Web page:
In the commonly accepted story about these legendary pleated masterpieces, Mariano Fortuny is a genius whose solitary vision was part of the social movement that allowed women to first shed their restrictive corsets. Though a lovely story, it is essentially a fairy tale, and when it is told, Fortuny’s partner and eventual wife, Henriette Negrin, is typecast as the selfless Muse, existing solely in a passive, supporting role.

That is more than inaccurate, and it does the memory of Fortuny no better than it does his wife. Henriette Negrin has always been more than inspiration. Specifically, and long before she met the man who would become her husband, she researched pigments for dyeing fabrics, learned to apply the dyes herself to stencils she learned to make for printing textiles. She built her own career and reputation. It was a good one.

Elena vestida con túnica amarilla (Portrait of Elena Sorolla García wearing a yellow pleated silk Delphos gown by Mariano Fortuny), painting by Joaquín Sorolla, circa 1909.

The legend of Fortuny, sadly, is a narrative which excludes the actual inventor of the machine which pleated the gowns in such a manner that has never been exactly reproduced. In the same patent documents quoted above, there is a handwritten note from Fortuny. This is what it says: 

“This patent is owned by Mrs. Henriette Brassart who is the inventor. I enclosed this patent on my name/behalf due to the urgency of the deposit…in Paris June 10, 1909.” 

"Henriette in Kimono," photograph by Mariano Fortuny, circa 1915.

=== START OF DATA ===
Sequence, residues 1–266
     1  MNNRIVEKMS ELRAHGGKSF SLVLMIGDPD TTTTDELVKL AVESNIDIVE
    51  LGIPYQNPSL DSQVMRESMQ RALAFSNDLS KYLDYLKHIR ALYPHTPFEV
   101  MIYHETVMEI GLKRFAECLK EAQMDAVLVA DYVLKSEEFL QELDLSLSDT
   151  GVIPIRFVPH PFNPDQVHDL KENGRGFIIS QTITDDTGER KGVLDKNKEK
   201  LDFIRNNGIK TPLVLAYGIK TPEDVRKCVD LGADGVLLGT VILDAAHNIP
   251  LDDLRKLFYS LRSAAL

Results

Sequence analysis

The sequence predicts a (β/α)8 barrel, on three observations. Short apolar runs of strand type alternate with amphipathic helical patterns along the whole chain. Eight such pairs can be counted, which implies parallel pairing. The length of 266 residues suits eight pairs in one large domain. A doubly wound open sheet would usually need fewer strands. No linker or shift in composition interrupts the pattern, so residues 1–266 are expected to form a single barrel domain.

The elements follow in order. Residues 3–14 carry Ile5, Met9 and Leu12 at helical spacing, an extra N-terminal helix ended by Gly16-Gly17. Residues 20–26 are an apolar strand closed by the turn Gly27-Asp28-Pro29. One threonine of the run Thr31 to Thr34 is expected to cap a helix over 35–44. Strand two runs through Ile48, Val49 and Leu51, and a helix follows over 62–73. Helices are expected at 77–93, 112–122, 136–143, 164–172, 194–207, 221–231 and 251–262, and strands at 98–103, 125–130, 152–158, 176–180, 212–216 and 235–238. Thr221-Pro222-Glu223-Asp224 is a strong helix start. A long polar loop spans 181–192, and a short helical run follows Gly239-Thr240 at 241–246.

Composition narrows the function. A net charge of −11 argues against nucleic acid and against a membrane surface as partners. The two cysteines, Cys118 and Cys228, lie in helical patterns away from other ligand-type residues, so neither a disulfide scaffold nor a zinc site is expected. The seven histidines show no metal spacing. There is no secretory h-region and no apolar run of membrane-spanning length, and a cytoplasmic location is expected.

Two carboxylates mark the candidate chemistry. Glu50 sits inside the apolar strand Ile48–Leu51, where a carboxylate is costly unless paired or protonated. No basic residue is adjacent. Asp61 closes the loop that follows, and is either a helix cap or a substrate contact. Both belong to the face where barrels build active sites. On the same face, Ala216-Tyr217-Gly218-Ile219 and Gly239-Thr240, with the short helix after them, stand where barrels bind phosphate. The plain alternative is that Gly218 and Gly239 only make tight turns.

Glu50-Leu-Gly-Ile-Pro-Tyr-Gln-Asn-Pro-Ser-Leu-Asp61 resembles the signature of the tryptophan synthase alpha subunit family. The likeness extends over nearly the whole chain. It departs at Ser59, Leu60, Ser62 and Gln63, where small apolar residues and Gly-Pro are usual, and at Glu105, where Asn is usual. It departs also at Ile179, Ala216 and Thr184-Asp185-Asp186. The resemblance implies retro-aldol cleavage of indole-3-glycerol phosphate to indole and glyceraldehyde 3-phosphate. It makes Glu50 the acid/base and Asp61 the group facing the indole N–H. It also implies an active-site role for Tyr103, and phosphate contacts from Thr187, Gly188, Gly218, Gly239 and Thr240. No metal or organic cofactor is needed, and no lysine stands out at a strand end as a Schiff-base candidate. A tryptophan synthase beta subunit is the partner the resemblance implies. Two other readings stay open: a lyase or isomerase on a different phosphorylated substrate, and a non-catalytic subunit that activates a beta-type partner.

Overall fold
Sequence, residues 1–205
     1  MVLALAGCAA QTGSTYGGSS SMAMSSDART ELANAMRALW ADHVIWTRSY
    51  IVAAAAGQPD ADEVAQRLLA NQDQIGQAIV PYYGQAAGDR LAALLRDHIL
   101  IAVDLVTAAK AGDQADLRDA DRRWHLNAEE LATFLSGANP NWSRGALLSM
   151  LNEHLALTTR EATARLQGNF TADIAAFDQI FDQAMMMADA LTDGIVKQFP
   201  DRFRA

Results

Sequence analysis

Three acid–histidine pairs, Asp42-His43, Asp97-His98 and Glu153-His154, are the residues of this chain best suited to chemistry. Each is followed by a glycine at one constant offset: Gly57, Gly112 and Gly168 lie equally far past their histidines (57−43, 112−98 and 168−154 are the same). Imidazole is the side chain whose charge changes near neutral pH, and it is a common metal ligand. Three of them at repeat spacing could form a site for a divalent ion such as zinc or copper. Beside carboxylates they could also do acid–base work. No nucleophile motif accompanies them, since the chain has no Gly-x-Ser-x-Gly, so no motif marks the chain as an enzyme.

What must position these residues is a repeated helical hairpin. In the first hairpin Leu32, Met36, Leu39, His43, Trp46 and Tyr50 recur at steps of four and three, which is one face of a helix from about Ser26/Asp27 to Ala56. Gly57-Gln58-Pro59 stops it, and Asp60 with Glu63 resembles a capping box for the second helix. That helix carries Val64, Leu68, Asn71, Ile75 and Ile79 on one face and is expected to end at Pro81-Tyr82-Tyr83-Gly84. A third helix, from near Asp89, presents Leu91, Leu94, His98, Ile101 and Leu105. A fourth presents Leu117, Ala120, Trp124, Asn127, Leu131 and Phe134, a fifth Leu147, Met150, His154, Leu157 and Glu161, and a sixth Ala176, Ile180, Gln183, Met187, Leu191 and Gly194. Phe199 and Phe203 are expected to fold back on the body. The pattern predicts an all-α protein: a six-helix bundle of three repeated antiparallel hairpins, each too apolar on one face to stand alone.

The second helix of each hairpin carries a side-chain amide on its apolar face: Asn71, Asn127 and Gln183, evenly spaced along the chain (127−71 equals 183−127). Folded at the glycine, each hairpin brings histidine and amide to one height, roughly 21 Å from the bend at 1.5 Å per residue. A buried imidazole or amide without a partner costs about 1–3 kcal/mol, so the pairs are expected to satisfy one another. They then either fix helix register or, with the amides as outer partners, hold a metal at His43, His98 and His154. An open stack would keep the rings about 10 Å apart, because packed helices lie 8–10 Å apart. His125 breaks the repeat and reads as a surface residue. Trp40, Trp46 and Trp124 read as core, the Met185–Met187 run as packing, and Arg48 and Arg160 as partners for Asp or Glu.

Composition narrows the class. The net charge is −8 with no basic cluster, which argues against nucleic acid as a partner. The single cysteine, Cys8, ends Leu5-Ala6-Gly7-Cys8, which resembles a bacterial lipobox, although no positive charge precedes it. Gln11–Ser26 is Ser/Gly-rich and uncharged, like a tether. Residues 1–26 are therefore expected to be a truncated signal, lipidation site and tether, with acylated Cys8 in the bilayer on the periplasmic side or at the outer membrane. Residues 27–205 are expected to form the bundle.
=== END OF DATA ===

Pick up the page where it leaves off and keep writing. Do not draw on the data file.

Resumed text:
Brassart was Negrin’s mother’s maiden name, and we must remember that when these documents were submitted, the rights held by men were not necessarily guaranteed to women, and in many cases women were simply unable to participate, officially or otherwise, in the circles of legitimate business which would allow one to protect their innovations and inventions.

Lisa, Anna and Margot Duncan, adoptive daughters of Isadora Duncan, wearing Delphos dresses by the House of Fortuny. Photograph by Albert Harlingue, circa 1920, © Albert Harlingue/Roger-Viollet, Paris, France, HRL-512376.

Long before she met Fortuny, Negrin was already an established apparel and textile designer, and if you look into the research about her life, she seems to have been a bit of a self-trained engineer. Sometime around the turn of the 20th century, the couple met in Venice, where Negrin was living and Fortuny had come to visit friends. We know for certain that Negrin moved to Paris in 1902, where the Catalan/Spanish autodidact Fortuny lived. His father had died when Mariano was a baby, and his mother took her children to Paris to be closer to her own family. The couple was together for almost 22 years before they married in February of 1924. All told, Fortuny and Negrin spent 47 years together as partners.

Margaret Morris posing in “The Dance of the Bow,” photographer uncertain, circa 1936.

To be very clear, the House of Fortuny was not a husband exploiting his wife’s abilities, there are many examples (like in the patent language above) where Fortuny went out of his way to be sure that on the formal documentation, the papers that really mattered, Negrin was given full credit. Theirs was a  fully realized creative team; they worked together in concert.